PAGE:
Tag Archives: Nature Photography Adventures

The Chobe River and Chobe National Park, Botswana

The Chobe River is a special place for nature photographers and nature lovers.  One side of the river is Botswana, the other side, Namibia. Beautiful birds are nesting along the both shorelines.

Malachite Kingfisher
© Diane Kelsay

Malachite Kingfisher
© Bob Harvey

White Fronted Bee Eater
© Diane Kelsay

Pied Kingfisher
© Diane Kelsay

And the nest robbers go after the eggs.

Water Monitor Lizard
© Diane Kelsay

The Southern Red Bishop searches the reeds for building materials.

Southern Red Bishop
© Bob Harvey

He builds several nests for his home show and invites the female for a look.

Inspection of the nest.
© Diane Kelsay

Elephants love the water, where they drink, eat, cool off and play.

© Diane Kelsay

© Diane Kelsay

Riverbank mud bath.
© Diane Kelsay

And sometimes their life ends in the river.  Dozens of Nile Crocodiles feasted on this elephant for a day – and then for some reason, moved it about a half mile upstream during the night, and then cleaned up what remained.

© Diane Kelsay

© Diane Kelsay

© Diane Kelsay

And of course, the mighty Fish Eagle.  Sometimes the call is the first sound of the morning.

© Diane Kelsay

© Bob Harvey

© Bob Harvey

Along the riverside, lions like to roam in and out of the trees, along the sandbars…

© Diane Kelsay

The roar was the loudest we ever heard.  
© Diane Kelsay

Clearly she was busy grooming and didn’t want to respond.
© Diane Kelsay

Looks like he is waiting for her.
© Diane Kelsay

© Bob Harvey

The river is loaded with hippos.  Lots of action!

© Bob Harvey

© Diane Kelsay

Hippo looking for trouble!
© 2018 Diane Kelsay

It’s a beautiful river.
© Diane Kelsay

© Diane Kelsay

Link to our Botswana Photography Safari

 

 

 

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Mom & Me

© Bob Harvey

It’s time to celebrate our moms.  They feed us, then teach us how to feed ourselves by grazing, browsing, fishing, hunting…   They protect us from predators and teach us how to get along in our environment.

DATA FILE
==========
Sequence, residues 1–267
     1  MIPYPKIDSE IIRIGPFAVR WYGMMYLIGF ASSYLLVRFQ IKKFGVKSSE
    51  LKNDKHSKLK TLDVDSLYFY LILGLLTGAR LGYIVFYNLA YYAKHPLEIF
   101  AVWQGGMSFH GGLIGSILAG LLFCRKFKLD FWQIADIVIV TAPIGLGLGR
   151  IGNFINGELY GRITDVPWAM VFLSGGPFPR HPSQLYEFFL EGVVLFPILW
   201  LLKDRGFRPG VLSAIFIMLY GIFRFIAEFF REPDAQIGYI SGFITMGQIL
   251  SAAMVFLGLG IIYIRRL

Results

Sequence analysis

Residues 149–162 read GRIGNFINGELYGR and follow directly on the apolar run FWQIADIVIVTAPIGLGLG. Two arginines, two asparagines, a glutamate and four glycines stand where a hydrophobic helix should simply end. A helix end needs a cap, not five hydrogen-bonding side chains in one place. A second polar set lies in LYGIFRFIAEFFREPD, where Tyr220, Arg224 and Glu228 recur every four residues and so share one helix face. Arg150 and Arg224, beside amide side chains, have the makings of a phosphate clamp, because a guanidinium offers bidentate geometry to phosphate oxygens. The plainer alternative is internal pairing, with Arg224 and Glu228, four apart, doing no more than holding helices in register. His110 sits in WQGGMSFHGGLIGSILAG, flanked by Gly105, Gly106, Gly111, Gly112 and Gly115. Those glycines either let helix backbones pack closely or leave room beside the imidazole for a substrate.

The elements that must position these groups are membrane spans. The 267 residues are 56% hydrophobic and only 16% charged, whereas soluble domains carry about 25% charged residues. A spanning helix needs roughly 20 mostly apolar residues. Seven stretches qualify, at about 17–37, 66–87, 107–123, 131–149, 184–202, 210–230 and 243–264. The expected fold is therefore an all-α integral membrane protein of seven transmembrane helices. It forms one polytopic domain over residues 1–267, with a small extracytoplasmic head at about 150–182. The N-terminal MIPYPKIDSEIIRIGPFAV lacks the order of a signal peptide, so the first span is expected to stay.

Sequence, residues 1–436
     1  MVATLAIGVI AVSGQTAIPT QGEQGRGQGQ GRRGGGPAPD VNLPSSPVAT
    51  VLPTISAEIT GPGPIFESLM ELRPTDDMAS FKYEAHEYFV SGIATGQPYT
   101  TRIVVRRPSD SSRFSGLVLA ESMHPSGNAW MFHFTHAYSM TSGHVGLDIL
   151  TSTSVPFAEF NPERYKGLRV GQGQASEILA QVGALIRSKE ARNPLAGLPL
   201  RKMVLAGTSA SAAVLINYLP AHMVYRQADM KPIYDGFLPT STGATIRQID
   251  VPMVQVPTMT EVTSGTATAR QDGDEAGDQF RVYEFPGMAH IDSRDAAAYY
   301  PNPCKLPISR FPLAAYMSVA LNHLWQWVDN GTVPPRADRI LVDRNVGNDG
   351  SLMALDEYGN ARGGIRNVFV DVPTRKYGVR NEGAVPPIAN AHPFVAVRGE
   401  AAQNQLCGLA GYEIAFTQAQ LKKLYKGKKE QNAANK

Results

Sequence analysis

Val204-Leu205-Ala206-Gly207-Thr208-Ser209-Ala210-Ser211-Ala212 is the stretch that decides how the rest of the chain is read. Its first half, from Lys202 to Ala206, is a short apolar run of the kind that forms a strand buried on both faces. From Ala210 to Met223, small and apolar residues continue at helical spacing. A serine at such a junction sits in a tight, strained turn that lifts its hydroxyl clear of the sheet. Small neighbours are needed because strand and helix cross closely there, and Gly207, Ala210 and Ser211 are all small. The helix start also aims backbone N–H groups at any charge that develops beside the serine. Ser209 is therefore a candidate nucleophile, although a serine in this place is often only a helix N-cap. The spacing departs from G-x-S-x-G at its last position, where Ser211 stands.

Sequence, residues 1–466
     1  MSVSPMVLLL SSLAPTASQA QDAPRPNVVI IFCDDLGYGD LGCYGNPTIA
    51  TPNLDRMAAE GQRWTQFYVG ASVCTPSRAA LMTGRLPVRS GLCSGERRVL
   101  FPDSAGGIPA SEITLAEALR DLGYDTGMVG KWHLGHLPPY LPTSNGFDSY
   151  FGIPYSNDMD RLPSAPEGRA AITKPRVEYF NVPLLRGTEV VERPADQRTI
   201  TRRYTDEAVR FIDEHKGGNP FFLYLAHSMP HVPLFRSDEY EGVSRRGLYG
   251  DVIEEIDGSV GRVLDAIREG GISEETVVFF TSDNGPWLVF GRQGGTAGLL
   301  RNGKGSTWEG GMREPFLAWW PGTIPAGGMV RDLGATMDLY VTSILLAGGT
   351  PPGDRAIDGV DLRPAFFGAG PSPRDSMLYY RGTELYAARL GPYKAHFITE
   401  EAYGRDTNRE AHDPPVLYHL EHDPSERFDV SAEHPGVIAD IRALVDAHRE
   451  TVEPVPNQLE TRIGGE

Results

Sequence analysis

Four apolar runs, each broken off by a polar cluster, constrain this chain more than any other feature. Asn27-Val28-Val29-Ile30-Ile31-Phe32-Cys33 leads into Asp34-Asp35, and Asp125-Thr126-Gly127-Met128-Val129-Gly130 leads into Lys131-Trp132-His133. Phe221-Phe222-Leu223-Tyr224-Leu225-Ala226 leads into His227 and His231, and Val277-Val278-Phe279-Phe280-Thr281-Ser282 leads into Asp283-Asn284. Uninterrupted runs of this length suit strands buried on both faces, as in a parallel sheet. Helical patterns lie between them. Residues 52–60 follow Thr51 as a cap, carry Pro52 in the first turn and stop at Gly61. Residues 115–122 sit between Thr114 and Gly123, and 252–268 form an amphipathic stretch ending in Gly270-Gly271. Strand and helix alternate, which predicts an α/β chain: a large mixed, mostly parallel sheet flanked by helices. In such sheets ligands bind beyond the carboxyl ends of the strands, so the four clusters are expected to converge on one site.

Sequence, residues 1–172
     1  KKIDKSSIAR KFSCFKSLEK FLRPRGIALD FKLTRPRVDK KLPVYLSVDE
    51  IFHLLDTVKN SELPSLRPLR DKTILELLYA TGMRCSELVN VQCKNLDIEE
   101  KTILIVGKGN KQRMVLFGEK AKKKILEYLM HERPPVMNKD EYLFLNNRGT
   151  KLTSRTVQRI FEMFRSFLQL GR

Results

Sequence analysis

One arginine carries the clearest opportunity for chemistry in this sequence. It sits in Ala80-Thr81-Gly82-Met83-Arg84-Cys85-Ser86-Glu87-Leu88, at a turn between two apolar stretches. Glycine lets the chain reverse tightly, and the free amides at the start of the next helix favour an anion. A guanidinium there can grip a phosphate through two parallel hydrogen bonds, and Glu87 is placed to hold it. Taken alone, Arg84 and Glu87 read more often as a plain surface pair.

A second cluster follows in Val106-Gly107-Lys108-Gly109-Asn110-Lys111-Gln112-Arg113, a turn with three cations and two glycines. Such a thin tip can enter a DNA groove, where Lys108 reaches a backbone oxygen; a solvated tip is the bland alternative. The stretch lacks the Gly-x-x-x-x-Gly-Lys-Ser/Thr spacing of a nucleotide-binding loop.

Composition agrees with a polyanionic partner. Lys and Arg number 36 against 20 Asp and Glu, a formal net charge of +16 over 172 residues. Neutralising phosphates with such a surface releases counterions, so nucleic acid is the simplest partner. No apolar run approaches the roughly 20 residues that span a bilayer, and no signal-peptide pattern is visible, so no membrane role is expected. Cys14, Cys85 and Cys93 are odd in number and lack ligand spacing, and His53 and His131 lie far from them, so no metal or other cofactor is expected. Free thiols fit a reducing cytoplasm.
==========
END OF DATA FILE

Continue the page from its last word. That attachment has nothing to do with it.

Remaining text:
© Bob Harvey

© Diane Kelsay

© Diane Kelsay

© Bob Harvey

© Diane Kelsay

© Diane Kelsay

© Diane Kelsay

© Bob Harvey

© Diane Kelsay

© Diane Kelsay

© Diane Kelsay

© Bob Harvey

© Bob Harvey

© Bob Harvey

© Diane Kelsay

© Diane Kelsay

© Diane Kelsay

© Diane Kelsay

© Bob Harvey

© Diane Kelsay

© Diane Kelsay

© Bob Harvey

© Bob Harvey

© Diane Kelsay

© Bob Harvey

© Diane Kelsay

It’s really special to watch and photograph moms and their young.  Do take the time to study the behavior, not just catch a quick photo.  You will end up with many choices of great moments.

© Diane Kelsay

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N’Giresi Village, Tanzania

The local village of the Wa Arusha tribe are cousins of the Maasai, but unlike the Maasai, are a farming community. We offer a visit to this village as a pre-tour for our Tanzania Adventures.  This time, I went with Kristie and we had a great experience.  This is not a show, this is real village life.

We walked several miles through the village through banana and coffee plantations. These ladies walked uphill about 3 miles from the market with heavy loads on their heads.  And we were tired from carrying our camera bags?
© Diane Kelsay

© Diane Kelsay

We visited a traditional healer and she showed us her collection of medicinal plants. It was very dark, only an open door. I asked her to hold up the pretty plant into the light and caught some light on her face too.

© Diane Kelsay

The healer’s house with a pile of cornhusks.
© Diane Kelsay

 

Drying the corn.
© Diane Kelsay

 

© Diane Kelsay

© Diane Kelsay

© Diane Kelsay

Lunchtime for the goats.
© Diane Kelsay

We asked for a demonstration of how to process the coffee beans (the coffee they served us was amazing)

Shelling coffee beans.
© Diane Kelsay

Tossing the beans into the air for the shells to fly off. The shells are light skins and she assists by blowing them as she tosses.